May 31, 2019


Buster: Today I’m talking to Eddie, a two-year-old border terrier who assists our author Andy Griffee with his writing. We’re talking daily routines, favourite walks and top tips for the snacks that keep the inspiration flowing.

Eddie, tell me about your average daily routine on the job.

Andy usually comes down in his dressing gown to let us out first thing. I share a basket with another border terrier called Phoebe. She’s smaller than me but a year older and quite bossy. There is also Fitz, who is a big muscular English Springer Spaniel. He’s eight-years-old and very jealous around Andy. He has his own basket in the study under the snooker table. After breakfast and a run around the garden we all head off in Andy’s car to the River Teme. It is only 5 minutes away and we have a great run along the river bank and back for about an hour. Andy gets ridiculously excited when he sees a kingfisher and then he gets cross if I get too engrossed in a rats’ nest by the barns. He needs to chill out a bit. You should see him get red-faced when Phoebe rolls in badger poo.

Then we come back home and Andy sits in the study and stares at a blank computer screen for hours. I usually wander off and mount guard to make sure no squirrels try to get nuts out of the bird-feeders. This is a very important job that takes a lot of concentration. Andy has told me that I’m about to be famous as there’s a border terrier called Eddie in his debut novel, Canal Pushers. Apparently, I belonged to a homeless young man who is drowned by a serial killer and so I am adopted by his hero, Jack Johnson. It all sounds a bit far-fetched to me, but I’m pleased he chose me to be in the book rather than the other two. I even did a photo-shoot recently on a canal towpath – but it was a bit boring being on the lead and I couldn’t even chase the ducks.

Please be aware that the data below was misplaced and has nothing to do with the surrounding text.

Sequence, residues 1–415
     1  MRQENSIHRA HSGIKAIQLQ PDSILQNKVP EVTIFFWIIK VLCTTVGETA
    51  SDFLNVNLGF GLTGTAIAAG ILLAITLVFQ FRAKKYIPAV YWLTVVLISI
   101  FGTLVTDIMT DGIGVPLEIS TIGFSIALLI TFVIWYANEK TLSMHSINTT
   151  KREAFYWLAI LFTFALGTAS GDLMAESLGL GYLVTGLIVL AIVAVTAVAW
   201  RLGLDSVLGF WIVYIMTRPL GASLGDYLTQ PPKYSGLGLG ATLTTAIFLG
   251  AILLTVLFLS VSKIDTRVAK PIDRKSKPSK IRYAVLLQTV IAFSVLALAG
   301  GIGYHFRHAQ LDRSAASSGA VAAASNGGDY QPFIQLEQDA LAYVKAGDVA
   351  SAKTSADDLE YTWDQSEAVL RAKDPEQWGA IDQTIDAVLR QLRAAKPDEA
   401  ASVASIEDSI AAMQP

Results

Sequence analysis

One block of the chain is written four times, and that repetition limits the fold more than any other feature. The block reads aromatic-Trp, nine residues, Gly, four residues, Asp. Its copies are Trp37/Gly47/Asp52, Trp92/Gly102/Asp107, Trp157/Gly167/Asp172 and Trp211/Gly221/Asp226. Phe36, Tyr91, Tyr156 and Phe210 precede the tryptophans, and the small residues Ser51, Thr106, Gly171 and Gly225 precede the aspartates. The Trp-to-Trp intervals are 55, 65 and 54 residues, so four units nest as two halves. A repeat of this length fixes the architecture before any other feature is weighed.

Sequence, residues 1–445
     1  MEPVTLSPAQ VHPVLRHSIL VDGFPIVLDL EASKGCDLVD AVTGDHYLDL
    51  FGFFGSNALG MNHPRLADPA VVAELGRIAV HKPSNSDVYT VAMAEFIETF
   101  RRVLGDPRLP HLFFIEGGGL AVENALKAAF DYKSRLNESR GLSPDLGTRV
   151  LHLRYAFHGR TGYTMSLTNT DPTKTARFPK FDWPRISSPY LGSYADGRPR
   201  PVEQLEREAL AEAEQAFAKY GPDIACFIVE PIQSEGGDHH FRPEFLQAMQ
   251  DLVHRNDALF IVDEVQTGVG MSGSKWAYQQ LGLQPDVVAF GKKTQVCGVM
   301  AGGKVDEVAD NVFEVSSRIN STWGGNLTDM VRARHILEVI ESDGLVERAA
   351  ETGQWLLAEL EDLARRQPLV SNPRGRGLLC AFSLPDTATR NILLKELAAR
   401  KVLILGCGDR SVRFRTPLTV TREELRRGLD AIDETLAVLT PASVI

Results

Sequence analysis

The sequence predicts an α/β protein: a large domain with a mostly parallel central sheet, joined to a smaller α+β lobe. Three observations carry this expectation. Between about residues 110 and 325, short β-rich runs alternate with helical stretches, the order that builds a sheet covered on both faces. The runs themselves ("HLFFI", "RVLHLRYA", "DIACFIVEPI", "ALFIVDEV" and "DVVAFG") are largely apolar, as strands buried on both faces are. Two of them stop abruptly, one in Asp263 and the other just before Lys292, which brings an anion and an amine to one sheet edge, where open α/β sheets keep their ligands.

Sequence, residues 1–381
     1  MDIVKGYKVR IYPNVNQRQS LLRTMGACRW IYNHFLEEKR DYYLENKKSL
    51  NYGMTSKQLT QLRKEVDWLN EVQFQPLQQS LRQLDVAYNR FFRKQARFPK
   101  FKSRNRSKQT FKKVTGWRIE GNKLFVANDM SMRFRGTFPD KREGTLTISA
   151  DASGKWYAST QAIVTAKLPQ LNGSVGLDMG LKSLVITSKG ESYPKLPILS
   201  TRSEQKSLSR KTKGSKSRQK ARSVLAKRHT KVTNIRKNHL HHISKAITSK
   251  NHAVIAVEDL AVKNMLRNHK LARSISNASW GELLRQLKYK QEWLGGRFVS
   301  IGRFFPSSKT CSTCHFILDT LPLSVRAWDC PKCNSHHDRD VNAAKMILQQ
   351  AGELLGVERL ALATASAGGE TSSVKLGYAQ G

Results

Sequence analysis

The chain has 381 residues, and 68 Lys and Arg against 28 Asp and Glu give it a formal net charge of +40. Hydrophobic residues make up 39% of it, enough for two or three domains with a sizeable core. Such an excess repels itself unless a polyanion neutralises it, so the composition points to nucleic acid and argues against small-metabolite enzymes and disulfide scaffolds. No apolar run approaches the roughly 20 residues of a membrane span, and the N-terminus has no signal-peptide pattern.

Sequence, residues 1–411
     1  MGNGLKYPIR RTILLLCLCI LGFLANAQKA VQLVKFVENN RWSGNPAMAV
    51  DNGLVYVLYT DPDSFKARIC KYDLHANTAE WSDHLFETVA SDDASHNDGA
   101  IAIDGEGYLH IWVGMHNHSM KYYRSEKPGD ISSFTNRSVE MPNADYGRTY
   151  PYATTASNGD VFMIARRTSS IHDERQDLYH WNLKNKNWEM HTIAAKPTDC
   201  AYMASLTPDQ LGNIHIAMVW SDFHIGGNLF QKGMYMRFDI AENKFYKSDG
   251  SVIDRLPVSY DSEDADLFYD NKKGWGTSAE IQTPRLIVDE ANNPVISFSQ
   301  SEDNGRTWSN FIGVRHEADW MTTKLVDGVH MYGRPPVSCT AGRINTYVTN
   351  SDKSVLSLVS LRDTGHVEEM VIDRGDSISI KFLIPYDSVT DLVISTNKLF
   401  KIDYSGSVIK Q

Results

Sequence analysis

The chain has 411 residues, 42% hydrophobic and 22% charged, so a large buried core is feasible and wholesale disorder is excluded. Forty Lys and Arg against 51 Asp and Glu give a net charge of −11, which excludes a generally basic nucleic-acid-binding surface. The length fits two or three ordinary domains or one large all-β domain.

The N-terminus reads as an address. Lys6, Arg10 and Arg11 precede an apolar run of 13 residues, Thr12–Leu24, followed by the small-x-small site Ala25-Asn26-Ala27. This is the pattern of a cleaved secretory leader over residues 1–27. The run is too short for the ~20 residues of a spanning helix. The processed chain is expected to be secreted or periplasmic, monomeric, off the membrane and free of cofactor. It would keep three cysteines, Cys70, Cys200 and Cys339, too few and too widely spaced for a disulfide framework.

He usually stops staring at the screen at four o’clock and takes us around the edge of a meadow and a little wood that is part of Andy’s house. Sometimes, I get a bit distracted by rabbits on this walk but then I remember it is teatime and make my way home in my own time.  After tea, Phoebe and I chase each other madly around the garden while Andy cooks dinner for Helen and then we try to play tug-of-war with him while he is trying to watch the news.  Then we all settle down on the sofa for the evening and I manage to get onto Helen’s lap in spite of Fitz growling like a grumpy old dog.

We have another run in the garden before bed – and sometimes I think it’s a great game to go and hide in the bushes until Andy comes out to find me. That’s when he moans that I’m a border-terrorist. Andy says I’m in his second book too, so I think I’m going to find an agent now and ask for some of the royalties. I think I’d like them to be paid in gravy dog biscuits.

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